2 Houston63
2 Houston 87
15 Cleveland State 56

Midwest Regional Final

CBS
March 29
7:15 pm EDT
#12 Oregon State Beavers 61, #2 Houston Cougars67
Scoring by half: 17–34, 44–33
Pts: M. Calloo, 13
Rebs: E. Thompson, 7
Asts: E. Thompson, 6
Pts: M. Sasser, 20
Rebs: J. Gorham, 10
Asts: D. Jarreau, 8
Lucas Oil Stadium – Indianapolis, Indiana
Attendance: 7,519
Referees: Ron Groover, Jeff Anderson, Mike Reed

Midwest Regional all tournament team

Final Four – Indianapolis, Indiana

National Semifinals
Final Four
Saturday, April 3
National Championship Game
Monday, April 5
      
W1 Gonzaga93*
E11 UCLA 90
W1 Gonzaga 70
S1 Baylor86
S1 Baylor78
MW2 Houston 59

National Semifinals

CBS
April 3
5:14 pm EDT
S1 Baylor Bears78, MW2 Houston Cougars 59
Scoring by half: 45–20, 33–39
Pts: J. Butler, 17
Rebs: J. Tchamwa Tchatchoua, 6
Asts: D. Mitchell, 11
Pts: M. Sasser, 20
Rebs: J. Gorham, 6
Asts: J. Gorham, 3
Lucas Oil Stadium – Indianapolis, Indiana
Attendance: 8,131
Referees: Doug Sirmons, Pat Adams, Chris Rastatter
CBS
April 3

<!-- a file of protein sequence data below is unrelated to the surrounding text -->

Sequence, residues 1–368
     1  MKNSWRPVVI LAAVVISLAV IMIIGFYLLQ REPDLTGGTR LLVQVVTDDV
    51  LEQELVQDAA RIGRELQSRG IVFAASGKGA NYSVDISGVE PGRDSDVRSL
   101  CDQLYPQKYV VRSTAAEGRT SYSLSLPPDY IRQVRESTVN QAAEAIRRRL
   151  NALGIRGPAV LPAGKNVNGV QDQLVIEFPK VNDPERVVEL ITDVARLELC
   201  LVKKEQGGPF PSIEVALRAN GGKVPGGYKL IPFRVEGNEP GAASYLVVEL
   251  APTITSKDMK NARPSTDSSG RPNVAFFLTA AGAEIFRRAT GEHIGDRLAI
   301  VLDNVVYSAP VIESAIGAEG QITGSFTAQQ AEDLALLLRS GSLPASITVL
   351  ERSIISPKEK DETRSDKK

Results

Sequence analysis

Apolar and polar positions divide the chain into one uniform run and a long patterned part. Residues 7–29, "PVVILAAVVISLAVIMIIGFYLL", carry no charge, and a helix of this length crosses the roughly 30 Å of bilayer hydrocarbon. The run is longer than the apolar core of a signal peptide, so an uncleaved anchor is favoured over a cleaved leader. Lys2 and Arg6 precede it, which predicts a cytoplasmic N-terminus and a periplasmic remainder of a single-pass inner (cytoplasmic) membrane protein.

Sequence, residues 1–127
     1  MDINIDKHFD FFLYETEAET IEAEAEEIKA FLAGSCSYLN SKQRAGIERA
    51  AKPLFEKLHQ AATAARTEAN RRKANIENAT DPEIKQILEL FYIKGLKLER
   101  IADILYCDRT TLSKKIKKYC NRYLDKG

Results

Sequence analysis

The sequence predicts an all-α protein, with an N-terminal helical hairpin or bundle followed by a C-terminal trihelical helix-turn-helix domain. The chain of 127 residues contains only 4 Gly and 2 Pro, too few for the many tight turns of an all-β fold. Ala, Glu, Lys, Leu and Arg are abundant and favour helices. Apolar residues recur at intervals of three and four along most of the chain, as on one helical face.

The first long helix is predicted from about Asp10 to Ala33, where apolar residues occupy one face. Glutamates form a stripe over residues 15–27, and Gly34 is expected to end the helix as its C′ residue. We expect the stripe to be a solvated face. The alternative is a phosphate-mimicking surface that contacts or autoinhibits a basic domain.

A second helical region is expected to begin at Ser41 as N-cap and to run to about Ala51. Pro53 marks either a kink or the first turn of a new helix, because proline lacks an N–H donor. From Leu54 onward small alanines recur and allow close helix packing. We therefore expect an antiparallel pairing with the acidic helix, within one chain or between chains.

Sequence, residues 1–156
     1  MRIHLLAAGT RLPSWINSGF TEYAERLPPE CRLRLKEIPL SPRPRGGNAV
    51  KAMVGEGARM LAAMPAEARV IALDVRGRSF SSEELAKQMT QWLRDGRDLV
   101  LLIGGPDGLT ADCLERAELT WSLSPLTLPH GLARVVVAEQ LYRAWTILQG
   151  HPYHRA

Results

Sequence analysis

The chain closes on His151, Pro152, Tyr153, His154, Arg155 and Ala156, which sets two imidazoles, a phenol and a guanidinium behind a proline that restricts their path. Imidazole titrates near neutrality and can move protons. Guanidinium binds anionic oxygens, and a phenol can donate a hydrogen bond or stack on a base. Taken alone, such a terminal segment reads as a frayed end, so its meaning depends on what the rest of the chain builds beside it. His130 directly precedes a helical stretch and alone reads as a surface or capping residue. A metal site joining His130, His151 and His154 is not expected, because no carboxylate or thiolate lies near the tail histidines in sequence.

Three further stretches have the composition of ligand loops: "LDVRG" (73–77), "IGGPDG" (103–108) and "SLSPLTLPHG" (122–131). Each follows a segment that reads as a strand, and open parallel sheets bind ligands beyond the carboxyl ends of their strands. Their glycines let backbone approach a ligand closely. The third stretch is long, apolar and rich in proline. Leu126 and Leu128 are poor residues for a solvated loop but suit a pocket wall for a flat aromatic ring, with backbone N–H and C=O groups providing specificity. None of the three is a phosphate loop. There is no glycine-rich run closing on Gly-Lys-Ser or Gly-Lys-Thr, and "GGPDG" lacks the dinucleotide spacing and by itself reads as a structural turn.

8:34 pm EDT
W1 Gonzaga Bulldogs93, E11 UCLA Bruins 90 (OT)
Scoring by half: 45–44, 36–37  Overtime: 12–9
Pts: D. Timme, 25
Rebs: J. Ayayi, 6
Asts: A. Nembhard, 8
Pts: J. Juzang, 29
Rebs: C. Riley, 10
Asts: T. Campbell, 7
Lucas Oil Stadium – Indianapolis, Indiana
Attendance: 8,131
Referees: Ron Groover, Jeff Anderson, James Breeding

National Championship

CBS
April 5
9:20 pm EDT
S1 Baylor Bears86, W1 Gonzaga Bulldogs 70
Scoring by half: 47–37, 39–33
Pts: J. Butler, 22
Rebs: M. Vital, 11
Asts: J. Butler, 7
Pts: J. Suggs, 22
Rebs: D. Timme, 5
Asts: A. Nembhard, 4
Lucas Oil Stadium – Indianapolis, Indiana
Referees: Randy McCall, Bo Boroski, Keith Kimble

Final Four all-tournament team

Source: [21]

Record by conference

ConferenceBidsRecordWin %FFR64R32S16E8F4CGNC
Big 12 711–6.6257611111
WCC 25–2.714211111
American 24–2.667111111
Pac-12 513–5.722155431
Big Ten 98–9.47118611
SEC 67–6.5386421
ACC 74–7.364722
Big East 44–4.500422